Christmas in July – Part 2

Pam’s Pictorama Photo Post: I decided that this summer weekend deserved some cooling down with recent Christmas finds. For many years when I worked at the Metropolitan Museum they had Christmas in July, a preview of the holiday line for the gift and bookshop. It would be set up in our boardroom and senior staff would be invited up to have a look. Anyway, the phrase stuck with me and ignited the holiday feeling with the British Felix card I shared yesterday. (It can be found here). Today’s treasure is a card that I saw a variation of quite awhile ago (same set and different photo? I wish I remembered), but it was priced very high. I snagged this one for considerably less.

Although this was a photo postcard it has traces of photo album paper stuck to the back of it. It does not appear to have been mailed. However, written neatly on it is Erma & Fred from Millard. While I think we can assume that Erma is the little girl perched on this grand beast, who is Fred? Is he dressed up as Santa? (Don’t suppose he could be the reindeer?) If you look carefully Santa is atop a box to make him sufficiently tall for the composition of this photo – and perhaps also to make him a little bit more grand?

If  you look carefully there is a small sign, on a little stand, which reads 1237 – December 1937? or a number to track which photo take this was to attach it to a person later? Of much more interest however are the toys scattered below, including a small Felix doll which is one that I neither own nor have seen previously. The dolls are generic from my perspective, but I say that understanding that perhaps to others they are as fascinating as Felix is to me. It is in some ways a sad and dry little set, yet I bet from Erma’s perspective it was pretty great to be there.

My own family wasn’t one for posed, studio holiday photos. We never sat on Santa’s lap for a photo or to tell him what we wanted for Christmas. We celebrated Christmas (and Hanukah), but in a secular way, and additionally we were never taught to believe in Santa Claus. My mother (raised Christian, but agnostic) thought lying to children about such things was an awful practice and told chagrined stories about her brother leaving the front door wide open on Christmas Eve to accommodate Santa better. My dad, as an atheist and ostensibly Jewish, was extremely ambivalent about the holidays and therefore no unnecessary pageantry was added. (Additionally, my younger brother Edward was born on Christmas Eve so we added a birthday party in there as well.) I don’t believe as a kid I felt like I missed much by not having the opportunity to sit on Santa’s lap or to mail lists to the North Pole.  We had a tree, there were toys and big family meals – but alas, no toy-filled Santa photos!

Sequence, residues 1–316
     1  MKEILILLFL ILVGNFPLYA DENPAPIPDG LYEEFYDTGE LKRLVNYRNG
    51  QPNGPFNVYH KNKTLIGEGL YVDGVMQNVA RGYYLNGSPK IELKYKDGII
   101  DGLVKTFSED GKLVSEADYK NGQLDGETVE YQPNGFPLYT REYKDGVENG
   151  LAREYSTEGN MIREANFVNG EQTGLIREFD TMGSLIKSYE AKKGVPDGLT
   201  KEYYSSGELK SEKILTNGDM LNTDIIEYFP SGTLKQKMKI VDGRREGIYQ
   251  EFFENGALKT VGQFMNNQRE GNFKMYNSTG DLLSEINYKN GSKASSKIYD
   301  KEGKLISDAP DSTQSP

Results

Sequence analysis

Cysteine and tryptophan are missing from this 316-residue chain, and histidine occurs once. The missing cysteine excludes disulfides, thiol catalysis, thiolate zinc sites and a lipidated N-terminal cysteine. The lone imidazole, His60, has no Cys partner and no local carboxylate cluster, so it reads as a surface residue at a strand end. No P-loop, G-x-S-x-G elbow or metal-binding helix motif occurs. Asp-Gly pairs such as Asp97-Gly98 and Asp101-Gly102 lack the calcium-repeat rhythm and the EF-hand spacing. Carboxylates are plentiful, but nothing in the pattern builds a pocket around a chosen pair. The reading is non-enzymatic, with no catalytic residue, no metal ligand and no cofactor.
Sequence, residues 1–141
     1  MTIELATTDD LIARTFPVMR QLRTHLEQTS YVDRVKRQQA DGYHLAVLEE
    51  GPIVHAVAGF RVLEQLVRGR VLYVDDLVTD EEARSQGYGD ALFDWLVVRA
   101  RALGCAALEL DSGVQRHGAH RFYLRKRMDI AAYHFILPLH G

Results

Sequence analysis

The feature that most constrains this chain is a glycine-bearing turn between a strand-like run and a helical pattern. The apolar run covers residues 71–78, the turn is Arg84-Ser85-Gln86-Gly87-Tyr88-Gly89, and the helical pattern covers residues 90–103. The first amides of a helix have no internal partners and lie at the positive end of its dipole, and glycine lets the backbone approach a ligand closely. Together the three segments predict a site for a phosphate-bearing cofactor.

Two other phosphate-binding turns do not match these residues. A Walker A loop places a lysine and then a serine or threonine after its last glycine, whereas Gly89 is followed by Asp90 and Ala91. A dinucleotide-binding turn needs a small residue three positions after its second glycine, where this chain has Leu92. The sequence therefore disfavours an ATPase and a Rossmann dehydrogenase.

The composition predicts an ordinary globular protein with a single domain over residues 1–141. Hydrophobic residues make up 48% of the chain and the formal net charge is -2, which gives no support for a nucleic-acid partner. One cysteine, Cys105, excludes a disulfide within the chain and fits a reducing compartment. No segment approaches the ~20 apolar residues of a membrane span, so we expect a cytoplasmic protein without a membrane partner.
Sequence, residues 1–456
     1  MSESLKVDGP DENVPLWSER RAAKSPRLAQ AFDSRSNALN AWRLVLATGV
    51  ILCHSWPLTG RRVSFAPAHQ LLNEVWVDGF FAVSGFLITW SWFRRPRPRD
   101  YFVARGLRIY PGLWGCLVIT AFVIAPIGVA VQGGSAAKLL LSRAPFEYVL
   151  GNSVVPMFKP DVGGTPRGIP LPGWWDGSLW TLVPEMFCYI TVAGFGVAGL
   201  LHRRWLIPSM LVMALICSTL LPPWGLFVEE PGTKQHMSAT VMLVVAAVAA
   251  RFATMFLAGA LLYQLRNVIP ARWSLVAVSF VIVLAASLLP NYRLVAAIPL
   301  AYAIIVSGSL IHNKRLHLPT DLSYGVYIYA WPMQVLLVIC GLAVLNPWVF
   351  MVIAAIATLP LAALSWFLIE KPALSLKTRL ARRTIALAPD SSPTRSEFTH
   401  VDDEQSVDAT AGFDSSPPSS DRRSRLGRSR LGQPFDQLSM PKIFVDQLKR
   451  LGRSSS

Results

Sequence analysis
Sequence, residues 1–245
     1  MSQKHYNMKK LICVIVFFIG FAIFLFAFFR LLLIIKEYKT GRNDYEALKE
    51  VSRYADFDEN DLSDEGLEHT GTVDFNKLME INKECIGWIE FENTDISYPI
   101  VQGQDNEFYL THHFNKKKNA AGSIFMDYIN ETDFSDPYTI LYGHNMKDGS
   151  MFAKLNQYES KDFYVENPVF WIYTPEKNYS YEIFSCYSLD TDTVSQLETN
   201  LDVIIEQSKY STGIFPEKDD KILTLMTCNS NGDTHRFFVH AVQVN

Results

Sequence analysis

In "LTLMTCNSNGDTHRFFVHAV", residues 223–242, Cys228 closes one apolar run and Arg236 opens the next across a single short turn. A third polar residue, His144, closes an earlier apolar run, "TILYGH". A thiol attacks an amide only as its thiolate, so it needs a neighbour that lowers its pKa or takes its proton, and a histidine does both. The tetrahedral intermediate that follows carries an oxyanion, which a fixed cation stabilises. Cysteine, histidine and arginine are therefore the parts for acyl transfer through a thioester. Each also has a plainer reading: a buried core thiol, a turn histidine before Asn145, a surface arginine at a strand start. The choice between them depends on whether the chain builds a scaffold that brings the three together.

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Merry Christmas from Deitch Studio!

Pam’s Pictorama Post: Pictorama and Deitch Studio present – our holiday card! To those of you who are devoted fans of the card and have been watching your mailbox we apologize for the delay this year, as well as the electronic reveal before you may have received it, but my adventures with the Jazz at Lincoln Center orchestra on the Holiday Big Band Tour (see my post of earlier this month Traveling with the Big Band) put me way behind on my end of the holiday duties which include getting the card printed.

The printing of the card, which dates back to the first year Kim and I started dating, has a history. (For the history of our cards and their production I recommend these previous posts, Cards of Christmas Past, Cat of Christmas Past, and Christmas Cards Redux Continues among others) I shopped the card from one small print shop to another each year. In the beginning I had a fantasy of finding a small shop that still did offset printing who would bring some care to the process – we even talked about two color. Ha! I let go of that almost immediately and began an annual trip from one copy shop to another – testing both large (Staples – don’t ask!) and small. Without getting technical let me tell you that the results consistently fell below the high standard of the most senior person here at Deitch Studio – resulting in an extraordinary flood of epithets and curses, not only aimed at the lowly technician, but the holiday season and the whole concept of a holiday card in general! In all fairness to him, we saw some really ham-handed results which could only be achieved by people who cared less than not at all about what they were doing.